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SweetLeftFoot Donating Member (905 posts) Send PM | Profile | Ignore Sat Sep-09-06 03:16 AM
Response to Original message
6. Dogs
are traditionally considered unclean in Islam and the keeping of perts, especially 'useless' pets like ornamental cats and and dogs, as opposed to working cats and dogs has always, for good reason, been cionsidered very bourgeosie.

See Mao's reactions to pet ownership et al
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aquart Donating Member (1000+ posts) Send PM | Profile | Ignore Sat Sep-09-06 03:41 AM
Response to Reply #6
7. Which accounts for how the Chinese were able to murder all those dogs
just recently.

Human beings developed cooperative, loving relationships with domesticated animals at the very dawn of our humanity. It isn't bourgeois. It's basic.
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zonkers Donating Member (1000+ posts) Send PM | Profile | Ignore Sat Sep-09-06 03:45 AM
Response to Reply #7
8. Their attitude towards pets is disturbing.
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Spider Jerusalem Donating Member (1000+ posts) Send PM | Profile | Ignore Sat Sep-09-06 03:51 AM
Response to Reply #7
9. Actually, it's not 'basic'...
because while humans may have those sorts of relationships with animals in SOME cultures (particularly central and Western European cultures) they certainly don't in ALL cultures. Quite often in China and other parts of Asia, dogs are more often seen as a source of meat than as a pet. And most domesticated animals aren't raised as pets, they're food sources (meat, dairy, eggs). Horses (in Anglo-Saxon culture), dogs and cats are the only real exceptions, and it's a bit arrogant to assume that everyone should abide by Western cultural prejudices.
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aquart Donating Member (1000+ posts) Send PM | Profile | Ignore Sat Sep-09-06 03:56 AM
Response to Reply #9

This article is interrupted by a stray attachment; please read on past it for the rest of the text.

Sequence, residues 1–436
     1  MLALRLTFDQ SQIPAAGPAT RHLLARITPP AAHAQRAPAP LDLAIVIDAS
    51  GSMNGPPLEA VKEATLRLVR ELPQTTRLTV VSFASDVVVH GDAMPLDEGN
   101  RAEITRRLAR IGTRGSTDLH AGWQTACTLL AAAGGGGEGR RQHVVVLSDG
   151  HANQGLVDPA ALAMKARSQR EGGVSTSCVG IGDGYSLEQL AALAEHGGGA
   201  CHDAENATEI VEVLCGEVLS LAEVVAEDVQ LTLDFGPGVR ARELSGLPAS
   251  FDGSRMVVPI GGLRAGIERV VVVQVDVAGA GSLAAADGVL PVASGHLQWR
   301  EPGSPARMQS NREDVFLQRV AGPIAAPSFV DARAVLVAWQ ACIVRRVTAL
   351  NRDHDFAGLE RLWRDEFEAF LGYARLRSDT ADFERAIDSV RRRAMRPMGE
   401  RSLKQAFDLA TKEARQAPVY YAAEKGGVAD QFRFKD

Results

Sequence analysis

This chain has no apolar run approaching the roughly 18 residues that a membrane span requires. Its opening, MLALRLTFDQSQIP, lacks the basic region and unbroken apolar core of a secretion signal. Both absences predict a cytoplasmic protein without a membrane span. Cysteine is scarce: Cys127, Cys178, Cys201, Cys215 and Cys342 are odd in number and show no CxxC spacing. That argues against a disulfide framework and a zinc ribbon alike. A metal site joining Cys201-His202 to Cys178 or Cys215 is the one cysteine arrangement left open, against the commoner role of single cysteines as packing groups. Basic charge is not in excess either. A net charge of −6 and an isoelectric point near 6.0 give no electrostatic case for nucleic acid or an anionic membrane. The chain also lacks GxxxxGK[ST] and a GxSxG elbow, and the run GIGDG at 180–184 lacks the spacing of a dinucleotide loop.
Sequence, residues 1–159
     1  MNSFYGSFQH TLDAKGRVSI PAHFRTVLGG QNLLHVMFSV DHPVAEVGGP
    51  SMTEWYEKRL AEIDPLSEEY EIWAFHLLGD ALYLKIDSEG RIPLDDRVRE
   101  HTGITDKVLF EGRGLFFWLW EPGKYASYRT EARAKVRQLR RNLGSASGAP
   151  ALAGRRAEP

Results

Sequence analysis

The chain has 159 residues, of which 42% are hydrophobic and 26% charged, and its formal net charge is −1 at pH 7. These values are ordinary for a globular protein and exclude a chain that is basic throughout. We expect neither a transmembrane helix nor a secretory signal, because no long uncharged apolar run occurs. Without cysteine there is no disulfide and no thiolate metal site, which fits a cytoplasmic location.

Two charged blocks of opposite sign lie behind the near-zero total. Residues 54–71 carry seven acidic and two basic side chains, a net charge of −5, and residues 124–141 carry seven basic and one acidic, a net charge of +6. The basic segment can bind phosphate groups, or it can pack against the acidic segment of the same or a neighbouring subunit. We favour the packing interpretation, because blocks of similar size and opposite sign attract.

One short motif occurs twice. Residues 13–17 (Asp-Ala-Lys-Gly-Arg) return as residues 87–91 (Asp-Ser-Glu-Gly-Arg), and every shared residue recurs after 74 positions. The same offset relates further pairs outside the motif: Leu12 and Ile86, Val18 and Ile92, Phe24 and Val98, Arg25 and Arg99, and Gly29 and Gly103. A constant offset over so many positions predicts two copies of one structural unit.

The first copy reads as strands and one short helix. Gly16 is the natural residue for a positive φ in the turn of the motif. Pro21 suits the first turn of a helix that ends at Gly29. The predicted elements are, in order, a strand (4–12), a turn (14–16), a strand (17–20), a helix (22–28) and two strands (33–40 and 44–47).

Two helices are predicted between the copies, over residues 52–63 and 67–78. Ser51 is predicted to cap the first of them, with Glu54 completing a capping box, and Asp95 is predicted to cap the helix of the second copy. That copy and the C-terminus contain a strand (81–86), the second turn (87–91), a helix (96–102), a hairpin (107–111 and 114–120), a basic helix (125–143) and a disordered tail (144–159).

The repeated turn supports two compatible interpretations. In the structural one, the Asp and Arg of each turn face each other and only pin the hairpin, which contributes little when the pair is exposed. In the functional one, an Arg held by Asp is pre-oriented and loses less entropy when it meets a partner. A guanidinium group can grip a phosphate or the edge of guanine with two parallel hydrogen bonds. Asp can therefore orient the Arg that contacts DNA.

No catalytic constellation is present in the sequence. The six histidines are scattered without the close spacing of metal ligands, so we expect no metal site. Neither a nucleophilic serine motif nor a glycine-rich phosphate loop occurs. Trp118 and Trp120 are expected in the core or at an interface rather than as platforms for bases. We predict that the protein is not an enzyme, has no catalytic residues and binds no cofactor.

12. Yes, let's all have a Hindu beefsteak.
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Spider Jerusalem Donating Member (1000+ posts) Send PM | Profile | Ignore Sat Sep-09-06 04:02 AM
Response to Reply #12
14. Now you're just being ridiculous.
And your snide comment only serves to further illustrate my point: we in the West don't have any cultural taboos against eating beef. Muslim societies don't have a cultural tradition of keeping dogs and cats as pets, at least over the past 1300 years or so. China, Korea, Vietnam, and a few other places in Asia have a cultural tradition of using dogs as a food source. Bit ridiculous to expect ANY cultural practices specific to one region to somehow have precedence over those followed somewhere else, and the idea that your own particular set of cultural prejudices is somehow the 'right' way of doing things is, again, nothing but arrogance.
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citizen snips Donating Member (1000+ posts) Send PM | Profile | Ignore Sat Sep-09-06 01:21 PM
Response to Reply #9
37. I agree
we should respect other peoples culture.
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SweetLeftFoot Donating Member (905 posts) Send PM | Profile | Ignore Sat Sep-09-06 04:01 AM
Response to Reply #7
13. You miss the point
Nobody said having relationships with domesticated animals is bourgeois.

What is undeniavly bourgeois is having a toy dog or cat that doesn't contribute especially when living in a country like China where famine is common - IE - you are rich enough to buy extra food but choose to give it to an animal over a human.

This is why dogs are such a big status thing in China again now.
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raccoon Donating Member (1000+ posts) Send PM | Profile | Ignore Mon Sep-11-06 08:58 AM
Response to Reply #7
70. Why did they do that? Disease? nt
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citizen snips Donating Member (1000+ posts) Send PM | Profile | Ignore Sat Sep-09-06 01:10 PM
Response to Reply #6
36. owning a dog is bourgeosie?
I have not heard that word used in a long time.
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SweetLeftFoot Donating Member (905 posts) Send PM | Profile | Ignore Sun Sep-10-06 05:33 AM
Response to Reply #36
59. I'm old skool
like that
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Kingshakabobo Donating Member (1000+ posts) Send PM | Profile | Ignore Sat Sep-09-06 03:53 AM
Original message
They can have my pups when they pry ME from their cold dead paws. nt
Bella(shar-pei/blue healer) and Samuel L. (full-blooded food-crazed beagle)



Bella: